The Film: Reindeer Games (2000)
The Principals: Ben Affleck, Charlize Theron, Gary Sinise, Dennis Farina, Clarence Williams III, James Frain, Donal Logue, Isaac Hayes, Danny Trejo. Written by Ehren Kruger. Directed by John Frankenheimer.
The Premise: Car thief Rudy Duncan (Affleck) gets out of jail, assuming the identity of his newly dead cellmate Nick (Frain) and falling for his fuck-buddy pen pal, Ashley (Theron). What Rudy doesn’t realize is that Ashley’s psychotic brother (Sinise) has sinister plans for Rudy—assumed to be Nick—in their plan of a Christmas heist on a Native American casino.
Is It Good? Surprisingly, for the most part, it is. Certainly, in the grand scheme of John Frankenheimer’s career, his last theatrical outing isn’t exactly on the level of The Manchurian Candidate, Seconds or 52 Pick-Up. Most of its flaws come from the preposterous screenplay by Ehren Kruger, which often seems like an exercise in being able to cram as many twists and red herrings into the narrative as humanly possible. Nevertheless, coupled with the expert craftsmanship of a vet like Frankenheimer, it mostly prevails as a well-shot, silly but entertaining post-Tarantino crime thriller.
What Reindeer Games succeeds at is making a mountain out of a mole hill. The blueprints called for an intricate work that John Dahl would have done, yet Frankenheimer takes the monstrous “look how smart my screenplay is” qualities of Kruger’s screenplay and turns it into a stunning impression of Tony Scott. Not that there’s anything wrong with that—if imperfect, the film is a wildly entertaining ride filled with a slew of great character actors surrounding its three leads and quite a few inspired setpieces.
Ben Affleck’s turn as Rudy Duncan (Get it? The movie’s called Reindeer Games and the protagonist’s name is Rudy!*) is half of a decent performance. The side of the role that he succeeds at is the amiable Everyman who’s at dire straits, who sees an earnest side to the wrong side of the tracks. Sleaze, however, is what Affleck oversees in the role. Assuming the identity of your fallen prison buddy so that you can marathon-fuck Charlize Theron takes a serious amount of opportunism and sliminess, and at this point in his career, Affleck—still the guy who co-wrote Good Will Hunting that was in Kevin Smith’s movies—didn’t quite have what it takes to carry the part convincingly.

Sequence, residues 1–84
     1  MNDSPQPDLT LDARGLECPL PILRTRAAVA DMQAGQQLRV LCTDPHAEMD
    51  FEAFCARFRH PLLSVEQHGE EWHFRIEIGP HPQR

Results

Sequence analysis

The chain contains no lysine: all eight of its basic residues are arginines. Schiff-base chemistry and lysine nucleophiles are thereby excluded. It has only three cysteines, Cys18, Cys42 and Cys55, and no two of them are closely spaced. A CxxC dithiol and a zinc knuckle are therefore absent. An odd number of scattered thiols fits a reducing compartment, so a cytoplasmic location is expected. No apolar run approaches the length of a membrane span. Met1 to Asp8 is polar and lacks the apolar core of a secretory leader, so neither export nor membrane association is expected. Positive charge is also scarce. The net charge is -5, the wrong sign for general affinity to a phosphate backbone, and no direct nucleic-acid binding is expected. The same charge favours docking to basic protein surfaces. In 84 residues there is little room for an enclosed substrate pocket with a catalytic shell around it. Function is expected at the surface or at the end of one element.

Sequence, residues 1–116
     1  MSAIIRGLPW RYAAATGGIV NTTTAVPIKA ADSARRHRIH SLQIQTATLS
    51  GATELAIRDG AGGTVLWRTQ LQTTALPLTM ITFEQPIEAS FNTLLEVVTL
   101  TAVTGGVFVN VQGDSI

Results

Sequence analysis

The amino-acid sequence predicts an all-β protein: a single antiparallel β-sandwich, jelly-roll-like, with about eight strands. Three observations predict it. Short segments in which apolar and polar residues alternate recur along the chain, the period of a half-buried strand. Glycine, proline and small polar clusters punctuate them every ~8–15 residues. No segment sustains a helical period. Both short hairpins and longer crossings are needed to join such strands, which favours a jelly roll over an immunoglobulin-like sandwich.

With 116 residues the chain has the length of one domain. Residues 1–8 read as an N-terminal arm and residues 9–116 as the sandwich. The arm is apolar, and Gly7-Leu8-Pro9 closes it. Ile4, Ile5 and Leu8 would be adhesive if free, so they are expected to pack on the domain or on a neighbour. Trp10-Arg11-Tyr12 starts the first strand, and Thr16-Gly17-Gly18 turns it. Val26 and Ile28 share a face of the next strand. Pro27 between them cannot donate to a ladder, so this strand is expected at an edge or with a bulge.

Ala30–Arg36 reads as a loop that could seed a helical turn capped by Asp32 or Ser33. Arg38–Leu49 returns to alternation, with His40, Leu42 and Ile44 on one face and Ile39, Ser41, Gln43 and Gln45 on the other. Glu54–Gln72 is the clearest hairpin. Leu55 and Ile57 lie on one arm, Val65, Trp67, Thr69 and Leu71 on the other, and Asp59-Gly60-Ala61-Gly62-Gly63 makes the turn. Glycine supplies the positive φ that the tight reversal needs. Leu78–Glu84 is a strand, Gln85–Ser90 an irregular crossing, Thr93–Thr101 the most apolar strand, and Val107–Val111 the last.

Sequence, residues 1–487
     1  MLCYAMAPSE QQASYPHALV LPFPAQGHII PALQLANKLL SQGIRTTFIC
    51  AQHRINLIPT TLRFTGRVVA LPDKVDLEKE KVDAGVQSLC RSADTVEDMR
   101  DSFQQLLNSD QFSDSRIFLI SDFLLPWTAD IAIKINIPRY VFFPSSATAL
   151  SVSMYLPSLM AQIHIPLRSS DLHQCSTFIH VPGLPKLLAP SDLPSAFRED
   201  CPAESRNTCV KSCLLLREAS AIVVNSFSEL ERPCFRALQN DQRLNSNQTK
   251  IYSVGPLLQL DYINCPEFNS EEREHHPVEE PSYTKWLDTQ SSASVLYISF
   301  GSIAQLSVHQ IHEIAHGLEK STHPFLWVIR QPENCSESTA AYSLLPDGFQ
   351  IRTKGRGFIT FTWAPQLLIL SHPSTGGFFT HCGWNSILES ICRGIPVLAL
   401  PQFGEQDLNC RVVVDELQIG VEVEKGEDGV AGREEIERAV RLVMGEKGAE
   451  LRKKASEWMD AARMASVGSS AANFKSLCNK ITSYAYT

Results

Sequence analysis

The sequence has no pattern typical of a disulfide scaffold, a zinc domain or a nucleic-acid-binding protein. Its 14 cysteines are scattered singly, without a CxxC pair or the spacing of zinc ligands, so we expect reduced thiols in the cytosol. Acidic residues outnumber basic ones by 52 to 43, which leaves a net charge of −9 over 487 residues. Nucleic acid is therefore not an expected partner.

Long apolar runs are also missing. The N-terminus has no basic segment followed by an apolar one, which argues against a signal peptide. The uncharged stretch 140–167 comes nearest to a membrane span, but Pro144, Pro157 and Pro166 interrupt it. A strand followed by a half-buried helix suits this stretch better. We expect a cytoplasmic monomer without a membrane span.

Those around him, however, fare stronger. Charlize Theron is at the height of her sexiness (and still is), and her turn as the femme fatale Ashley takes great advantage of her dangerous side and slinkiness. She plays duplicitous quite well, and once her true nature is revealed, her vamping is corroded by her nastiness. Gary Sinise looks like the Evil Spock version of Lt. Dan and chews up every piece of scenery he can as the full-nutzoid Gabriel. The crew is rounded out by an eclectic gang of psychos played by Clarence Williams III, Donal Logue and Danny Trejo (who has an amusing moment where he reads a magazine article about Christmas shopping out loud to nobody’s conviction).
Everything boils down to the climactic heist where Dennis Farina goes akimbo with two submachine guns (because you can’t go back to Vegas) and Affleck applies his knowledge of movie physics from The Adventures of Ford Fairlane. As if that was enough, Frankenheimer rips out the kitchen sink in Dewey Cox fashion and hurls it over a cliff for a climax, which answers the questions, “Have all of the insane twists been exhausted for the duration of this film?” (The answer is no.)
Frankenheimer had the HBO film Path to War left in him before he passed away in 2002. For his final film, however, as you can see in the last ten minutes of the film, he knew he had to go out with a bang. A Dead Bang.
Is It Worth a Look? In spite of its ever-changing red herrings, bait-and-switch jobs, and the ultimate lunkheaded fate of the tale, I can wholeheartedly say this is well worth a watch. I’d always wanted to see this one as a kid and never got to it, and at least knowing that Frankenheimer went out with something with a cast this good and this entertaining is reason enough to check it out.
Random Anecdotes: Charlize Theron has designated this film the worst she’s ever done, but finds the experience grateful for her experience working with John Frankenheimer.
Reindeer Games isn’t the first time Frankenheimer directed a movie set around Christmastime—his underrated Don Johnson cop thriller Dead Bang (punned above) also takes place in time for the holidays, with Johnson coaxing an irate Bob Balaban out of his family time for the sake of his murder investigation.
Some almost-ran qualities among the principal cast and crew—Jerry Goldsmith (who worked with Frankenheimer on Seven Days in May, Seconds and the awesome, not-on-DVD The Challenge) originally composed the score, but was replaced with the soaring work from the reliable Alan Silvestri. Further, Vin Diesel was cast in the film but got dumped once he started making too many unreasonable demands for a supporting role early in his career.
While I haven’t seen it—it’s not on Instant—a director’s cut was released on DVD in 2001 with 20 minutes of extra footage and alternate takes.
My fellow CHUD brother, Rene F. Rangel, calls Reindeer Games one of the best films of 2000, if not all of the 2000’s. Yup.
Cinematic Soulmates: Reservoir Dogs, True Romance, Red Rock West, 3000 Miles to Graceland
* – Say that in your best Norm MacDonald impression.